This is the 23rd time since 1995 that a Divisional Series has been tied 1-1. How important is the win in Game 3? Consider that 27 of the 35 teams (77 percent) that have led a Division Series 2-1 have gone on to win the series. It's even more of an advantage in the National League in the Wild Card era. Teams taking a 2-1 lead in NLDS play have won the series 15 of 16 times. The only team to rebound from a 2-1 deficit and win was the 2002 San Francisco Giants, who eventually beat the Atlanta Braves in five games.
Neither team has had much success recently in Game 3s. The Giants have lost seven consecutive Game 3s, which is tied for the second-longest streak in postseason history; while the Braves have dropped three straight and six of their last eight Game 3s. It looks even bleaker for the Giants with the series headed to Atlanta. Not only has San Francisco lost five straight postseason road games, but the Braves had the best home record in the majors this season, going 56-25 and matching the franchise record for home wins.
The Braves will send Tim Hudson to the mound, who will be making his ninth career postseason start (10th career appearance) and first since 2005. Hudson is 1-3 with a 3.97 ERA overall in the playoffs, but just 0-1 with a 5.27 ERA in two starts as a Brave.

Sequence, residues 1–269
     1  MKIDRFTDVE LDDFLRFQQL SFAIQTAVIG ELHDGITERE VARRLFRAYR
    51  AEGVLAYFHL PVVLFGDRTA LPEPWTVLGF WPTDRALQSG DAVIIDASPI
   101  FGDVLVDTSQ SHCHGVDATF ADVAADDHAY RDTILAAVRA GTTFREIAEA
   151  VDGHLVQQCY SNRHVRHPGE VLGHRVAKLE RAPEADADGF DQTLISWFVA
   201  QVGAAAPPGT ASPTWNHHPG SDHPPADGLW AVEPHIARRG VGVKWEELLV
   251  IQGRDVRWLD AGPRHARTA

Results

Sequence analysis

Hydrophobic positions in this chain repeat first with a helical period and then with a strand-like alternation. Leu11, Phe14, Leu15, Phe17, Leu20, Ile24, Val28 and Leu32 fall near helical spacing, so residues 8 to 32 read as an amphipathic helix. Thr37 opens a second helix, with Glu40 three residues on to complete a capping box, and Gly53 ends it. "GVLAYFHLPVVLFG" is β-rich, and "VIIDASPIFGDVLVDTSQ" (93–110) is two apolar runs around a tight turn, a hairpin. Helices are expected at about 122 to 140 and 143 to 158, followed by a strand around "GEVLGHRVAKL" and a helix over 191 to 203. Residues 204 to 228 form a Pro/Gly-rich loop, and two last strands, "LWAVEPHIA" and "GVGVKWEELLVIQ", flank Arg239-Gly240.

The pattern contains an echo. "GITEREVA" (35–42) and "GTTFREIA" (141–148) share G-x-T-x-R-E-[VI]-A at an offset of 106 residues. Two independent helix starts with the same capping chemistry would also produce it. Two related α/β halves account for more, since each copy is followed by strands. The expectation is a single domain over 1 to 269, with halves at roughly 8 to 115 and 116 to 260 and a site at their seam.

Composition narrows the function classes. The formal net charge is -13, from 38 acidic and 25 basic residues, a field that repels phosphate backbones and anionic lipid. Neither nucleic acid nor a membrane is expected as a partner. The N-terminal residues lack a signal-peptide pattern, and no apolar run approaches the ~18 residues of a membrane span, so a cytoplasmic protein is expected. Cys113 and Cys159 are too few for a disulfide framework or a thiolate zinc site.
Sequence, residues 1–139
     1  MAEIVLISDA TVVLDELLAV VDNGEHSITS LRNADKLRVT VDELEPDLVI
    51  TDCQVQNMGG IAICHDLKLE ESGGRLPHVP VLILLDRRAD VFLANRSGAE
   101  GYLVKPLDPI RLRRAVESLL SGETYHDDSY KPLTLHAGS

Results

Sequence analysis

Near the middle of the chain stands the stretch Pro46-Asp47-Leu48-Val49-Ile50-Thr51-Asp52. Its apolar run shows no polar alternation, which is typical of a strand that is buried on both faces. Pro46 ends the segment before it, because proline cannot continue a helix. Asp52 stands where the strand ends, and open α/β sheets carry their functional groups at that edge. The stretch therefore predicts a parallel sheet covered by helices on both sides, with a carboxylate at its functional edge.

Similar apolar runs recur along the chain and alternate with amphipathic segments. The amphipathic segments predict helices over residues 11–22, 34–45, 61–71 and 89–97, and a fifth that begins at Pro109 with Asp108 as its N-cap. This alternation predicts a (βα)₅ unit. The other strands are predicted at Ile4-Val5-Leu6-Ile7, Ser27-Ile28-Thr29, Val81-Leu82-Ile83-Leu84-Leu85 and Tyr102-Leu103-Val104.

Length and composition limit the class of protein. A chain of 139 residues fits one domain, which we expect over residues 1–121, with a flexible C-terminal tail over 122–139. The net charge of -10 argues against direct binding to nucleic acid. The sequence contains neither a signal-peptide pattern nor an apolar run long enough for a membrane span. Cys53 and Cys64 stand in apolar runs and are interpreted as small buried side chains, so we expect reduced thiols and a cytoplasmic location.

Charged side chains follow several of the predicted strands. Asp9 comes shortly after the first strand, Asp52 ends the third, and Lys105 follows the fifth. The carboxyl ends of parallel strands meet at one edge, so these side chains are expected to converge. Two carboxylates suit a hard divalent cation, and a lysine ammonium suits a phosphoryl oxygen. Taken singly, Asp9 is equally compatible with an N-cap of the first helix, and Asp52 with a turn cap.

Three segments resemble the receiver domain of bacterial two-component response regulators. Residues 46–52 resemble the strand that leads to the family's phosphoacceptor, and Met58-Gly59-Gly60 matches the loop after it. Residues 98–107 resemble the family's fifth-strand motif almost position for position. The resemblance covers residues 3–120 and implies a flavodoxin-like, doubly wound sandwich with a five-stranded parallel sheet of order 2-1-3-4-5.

The Giants have tapped Jonathan Sanchez for Game 3, who is making his first career postseason start. But he's no stranger to pitching in pressure situations. Sanchez threw five scoreless innings a week ago as the Giants beat the Padres 3-0 to clinch the NL West and a postseason berth on the final day of the regular season.
While Braves ended up winning Game 2 thanks to Rick Ankiel's dramatic 11th inning home run, they also lost their closer Billy Wagner to a left oblique injury, and he is not available for Game 3, according to Bobby Cox.
So who closes for the Braves tonight? Kyle Farnesworth, who induced the game-saving double play with the bases loaded in the 10th inning, hasn't saved a game since 2008, but was 10-for-10 in the regular season for the Braves back in 2005. Or, they could turn to the rookie Craig Kimbrel, who has allowed just two runs while striking out 45 batters in 23⅓ career innings.